Lawson gives West Platte graduates advice

WESTON, Mo. — West Platte baseball coach Tanner Lawson took to the stage to address the 2018 graduating class of West Platte High School.

An overflow crowd packed into high school gymnasium to watch 46 students receive their diplomas on Sunday, May 13.

The school also honored its history by reading out the names of the 1968 and 1993 graduating class and having each of the former students in attendance to stand up to be recognized.

Shortly after that Lawson spoke, mixing in humor with sage advice for the latest graduating class.

 CODY THORN/Citizen Editor West Platte senior Aidan Sullivan talks during the school’s graduation ceremony on Sunday, May 13, at the gymnasium at the high school.

CODY THORN/Citizen Editor
West Platte senior Aidan Sullivan talks during the school’s graduation ceremony on Sunday, May 13, at the gymnasium at the high school.

The Bluejays coach recalled his high school graduation in 1992 and his lofty goals when he walked out the door: never get married, become a millionaire and play pro baseball.

He’s been married for almost 20 years, he is still working on the second and the third dream came up short.

“I guess my point here is, you can have all your future plans laid out, but life doesn’t always steer down your intended path,” he said. “Knowing this before you head out will give you the understanding and guidance needed to adjust your course, while still chasing your hopes and dreams. For most of you, as in my case, the unforeseen detours will supply you with much more happiness than plan A ever would have. That is the exciting part.”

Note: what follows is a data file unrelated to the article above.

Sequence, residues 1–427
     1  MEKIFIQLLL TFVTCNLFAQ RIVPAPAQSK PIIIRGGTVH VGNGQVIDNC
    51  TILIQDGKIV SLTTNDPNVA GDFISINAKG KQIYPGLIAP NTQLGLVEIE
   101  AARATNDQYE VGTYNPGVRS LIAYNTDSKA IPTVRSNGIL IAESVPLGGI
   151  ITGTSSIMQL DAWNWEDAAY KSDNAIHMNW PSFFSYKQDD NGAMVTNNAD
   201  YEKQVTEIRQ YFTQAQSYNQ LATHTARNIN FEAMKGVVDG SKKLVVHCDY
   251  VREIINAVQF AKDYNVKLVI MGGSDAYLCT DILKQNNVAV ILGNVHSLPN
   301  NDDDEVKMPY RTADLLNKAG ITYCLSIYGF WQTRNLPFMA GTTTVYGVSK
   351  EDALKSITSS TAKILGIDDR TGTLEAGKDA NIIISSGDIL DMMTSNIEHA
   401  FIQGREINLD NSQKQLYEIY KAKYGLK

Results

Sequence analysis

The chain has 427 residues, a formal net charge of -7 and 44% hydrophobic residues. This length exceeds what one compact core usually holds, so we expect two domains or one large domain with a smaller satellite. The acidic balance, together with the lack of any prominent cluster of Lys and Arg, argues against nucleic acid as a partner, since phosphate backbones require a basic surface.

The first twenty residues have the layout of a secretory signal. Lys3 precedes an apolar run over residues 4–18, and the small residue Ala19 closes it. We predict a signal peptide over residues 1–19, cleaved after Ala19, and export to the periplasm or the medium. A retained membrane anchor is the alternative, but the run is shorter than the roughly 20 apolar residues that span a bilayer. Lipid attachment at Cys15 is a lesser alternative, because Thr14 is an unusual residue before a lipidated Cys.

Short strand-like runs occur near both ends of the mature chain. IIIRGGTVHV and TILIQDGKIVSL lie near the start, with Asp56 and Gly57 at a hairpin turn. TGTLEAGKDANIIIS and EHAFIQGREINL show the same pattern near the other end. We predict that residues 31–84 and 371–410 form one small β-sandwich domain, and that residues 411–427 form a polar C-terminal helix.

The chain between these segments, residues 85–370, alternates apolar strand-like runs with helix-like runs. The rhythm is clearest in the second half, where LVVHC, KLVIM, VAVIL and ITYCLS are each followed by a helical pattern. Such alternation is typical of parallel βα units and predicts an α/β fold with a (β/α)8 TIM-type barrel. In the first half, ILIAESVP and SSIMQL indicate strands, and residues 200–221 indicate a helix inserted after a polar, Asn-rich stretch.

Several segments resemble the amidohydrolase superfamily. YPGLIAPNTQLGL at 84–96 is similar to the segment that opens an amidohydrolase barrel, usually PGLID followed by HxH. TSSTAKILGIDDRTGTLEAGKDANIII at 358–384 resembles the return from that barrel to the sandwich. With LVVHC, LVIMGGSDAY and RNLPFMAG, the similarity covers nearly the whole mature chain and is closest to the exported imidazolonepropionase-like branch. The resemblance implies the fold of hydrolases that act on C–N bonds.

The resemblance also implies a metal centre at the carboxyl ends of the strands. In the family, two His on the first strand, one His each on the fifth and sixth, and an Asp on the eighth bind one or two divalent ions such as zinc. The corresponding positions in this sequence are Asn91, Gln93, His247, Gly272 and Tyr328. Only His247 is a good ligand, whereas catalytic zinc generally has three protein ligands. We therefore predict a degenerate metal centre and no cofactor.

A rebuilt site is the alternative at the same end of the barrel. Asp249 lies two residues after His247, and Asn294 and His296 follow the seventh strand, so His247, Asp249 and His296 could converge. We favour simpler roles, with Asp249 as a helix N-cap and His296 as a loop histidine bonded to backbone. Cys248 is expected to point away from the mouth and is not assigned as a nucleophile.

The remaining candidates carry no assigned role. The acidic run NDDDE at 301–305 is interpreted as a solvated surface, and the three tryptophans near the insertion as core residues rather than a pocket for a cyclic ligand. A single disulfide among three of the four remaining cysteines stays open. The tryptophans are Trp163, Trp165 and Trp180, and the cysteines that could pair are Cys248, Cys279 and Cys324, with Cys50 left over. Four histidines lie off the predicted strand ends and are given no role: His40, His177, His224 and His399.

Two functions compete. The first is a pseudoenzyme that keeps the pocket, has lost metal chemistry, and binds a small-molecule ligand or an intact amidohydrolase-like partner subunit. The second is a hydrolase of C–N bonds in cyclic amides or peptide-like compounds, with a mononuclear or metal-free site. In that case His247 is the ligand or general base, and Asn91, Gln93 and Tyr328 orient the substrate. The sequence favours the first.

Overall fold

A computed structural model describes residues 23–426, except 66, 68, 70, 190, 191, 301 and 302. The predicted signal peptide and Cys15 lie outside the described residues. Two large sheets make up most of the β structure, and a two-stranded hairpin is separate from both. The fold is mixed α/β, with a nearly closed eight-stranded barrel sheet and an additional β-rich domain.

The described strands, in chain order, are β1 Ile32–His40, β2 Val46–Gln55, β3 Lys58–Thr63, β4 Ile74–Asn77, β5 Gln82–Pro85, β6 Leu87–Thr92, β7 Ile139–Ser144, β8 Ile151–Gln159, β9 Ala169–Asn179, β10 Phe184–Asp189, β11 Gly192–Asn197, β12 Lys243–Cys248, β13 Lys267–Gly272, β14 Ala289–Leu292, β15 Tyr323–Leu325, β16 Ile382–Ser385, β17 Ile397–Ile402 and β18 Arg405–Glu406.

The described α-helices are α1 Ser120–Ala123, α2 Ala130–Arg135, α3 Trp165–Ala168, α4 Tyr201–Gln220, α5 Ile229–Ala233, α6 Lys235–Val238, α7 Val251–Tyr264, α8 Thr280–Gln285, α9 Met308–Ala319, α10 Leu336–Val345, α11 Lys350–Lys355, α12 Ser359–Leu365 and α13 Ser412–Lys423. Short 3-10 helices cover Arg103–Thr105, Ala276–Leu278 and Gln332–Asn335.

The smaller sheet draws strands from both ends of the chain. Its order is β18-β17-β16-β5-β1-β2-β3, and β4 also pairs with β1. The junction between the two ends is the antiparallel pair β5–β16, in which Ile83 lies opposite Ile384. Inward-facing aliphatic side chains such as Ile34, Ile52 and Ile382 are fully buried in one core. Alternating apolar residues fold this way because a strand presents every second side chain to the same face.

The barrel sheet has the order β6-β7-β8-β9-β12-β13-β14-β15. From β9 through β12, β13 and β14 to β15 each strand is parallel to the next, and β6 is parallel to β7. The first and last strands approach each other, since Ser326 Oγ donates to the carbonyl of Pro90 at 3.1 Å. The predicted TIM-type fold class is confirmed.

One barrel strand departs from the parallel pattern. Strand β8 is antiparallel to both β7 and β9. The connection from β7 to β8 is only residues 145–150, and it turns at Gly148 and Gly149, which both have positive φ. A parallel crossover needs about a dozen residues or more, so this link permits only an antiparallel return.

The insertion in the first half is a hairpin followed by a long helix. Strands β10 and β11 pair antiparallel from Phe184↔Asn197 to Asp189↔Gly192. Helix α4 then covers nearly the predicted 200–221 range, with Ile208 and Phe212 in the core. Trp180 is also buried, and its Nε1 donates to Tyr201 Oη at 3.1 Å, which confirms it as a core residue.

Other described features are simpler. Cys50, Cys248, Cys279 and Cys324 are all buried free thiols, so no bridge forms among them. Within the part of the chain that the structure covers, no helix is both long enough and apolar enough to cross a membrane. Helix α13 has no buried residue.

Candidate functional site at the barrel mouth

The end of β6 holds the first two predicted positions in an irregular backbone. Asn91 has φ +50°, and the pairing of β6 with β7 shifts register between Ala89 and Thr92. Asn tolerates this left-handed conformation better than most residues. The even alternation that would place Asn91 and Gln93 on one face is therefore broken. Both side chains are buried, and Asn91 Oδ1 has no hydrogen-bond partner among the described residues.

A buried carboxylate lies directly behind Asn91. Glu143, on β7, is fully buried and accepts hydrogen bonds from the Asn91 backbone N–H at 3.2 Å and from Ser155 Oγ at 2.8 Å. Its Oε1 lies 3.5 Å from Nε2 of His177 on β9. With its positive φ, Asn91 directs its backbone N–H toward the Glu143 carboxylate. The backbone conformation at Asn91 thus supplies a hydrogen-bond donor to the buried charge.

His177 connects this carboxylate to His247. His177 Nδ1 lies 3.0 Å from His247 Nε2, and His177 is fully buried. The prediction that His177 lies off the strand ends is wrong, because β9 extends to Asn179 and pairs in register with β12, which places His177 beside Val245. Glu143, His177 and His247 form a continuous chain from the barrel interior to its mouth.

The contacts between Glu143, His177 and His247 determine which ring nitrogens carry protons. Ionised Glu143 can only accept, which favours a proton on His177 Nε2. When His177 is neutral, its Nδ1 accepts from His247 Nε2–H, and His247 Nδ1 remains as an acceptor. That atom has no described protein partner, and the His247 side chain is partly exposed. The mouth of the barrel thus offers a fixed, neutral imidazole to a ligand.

He told the class to always get up and dust yourself off if you stumble because success is often determined on how you respond to situations.

He urged the parents and families to make sure the graduating seniors have a reliable alarm clock for their next ventures in life.

Lawson then added a bit of humor into his speech.

“Just between you and me, this graduation ceremony is already way better than mine, because I get to speak,” he said. “You see, had I spoke at mine, that would have meant that I was either No. 1 or No. 2 academically. Although I wasn’t one of the top two, I was still very nervous because if by chance the 15 people ranked higher than me didn’t show, the pressure of speaking would have fell on my shoulders.”

Valedictorian Aidan Sullivan invited salutatorian Rachel Heili to join him in a speech. The two talked about growing up in West Platte and the journeys in each building.

Sullivan brought up a notable challenge for the graduating class just last spring — the death of teacher and coach Nate Danneman.

“We experienced tragedy and we won’t forget the impact Coach Danneman made on us. We love you coach,” Sullivan said.

Later in his speech, just before the diplomas were handed out by the board of education, Sullivan’s final words highlight the importance of the day, while channeling a famous John F. Kennedy quote.

“One final reminder, ask not what your mother can do for you, ask what you can do for your mother.”